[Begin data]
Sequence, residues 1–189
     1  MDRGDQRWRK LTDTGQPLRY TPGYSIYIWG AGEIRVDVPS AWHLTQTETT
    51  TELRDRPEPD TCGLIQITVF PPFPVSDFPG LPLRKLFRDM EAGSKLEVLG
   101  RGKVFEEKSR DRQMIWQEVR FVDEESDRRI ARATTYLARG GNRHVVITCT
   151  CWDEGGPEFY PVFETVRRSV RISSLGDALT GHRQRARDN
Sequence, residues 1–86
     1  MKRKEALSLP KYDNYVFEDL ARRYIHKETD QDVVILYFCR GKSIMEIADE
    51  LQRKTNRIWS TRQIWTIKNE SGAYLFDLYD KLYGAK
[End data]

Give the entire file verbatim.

Sequence, residues 1–189
     1  MDRGDQRWRK LTDTGQPLRY TPGYSIYIWG AGEIRVDVPS AWHLTQTETT
    51  TELRDRPEPD TCGLIQITVF PPFPVSDFPG LPLRKLFRDM EAGSKLEVLG
   101  RGKVFEEKSR DRQMIWQEVR FVDEESDRRI ARATTYLARG GNRHVVITCT
   151  CWDEGGPEFY PVFETVRRSV RISSLGDALT GHRQRARDN
Sequence, residues 1–86
     1  MKRKEALSLP KYDNYVFEDL ARRYIHKETD QDVVILYFCR GKSIMEIADE
    51  LQRKTNRIWS TRQIWTIKNE SGAYLFDLYD KLYGAK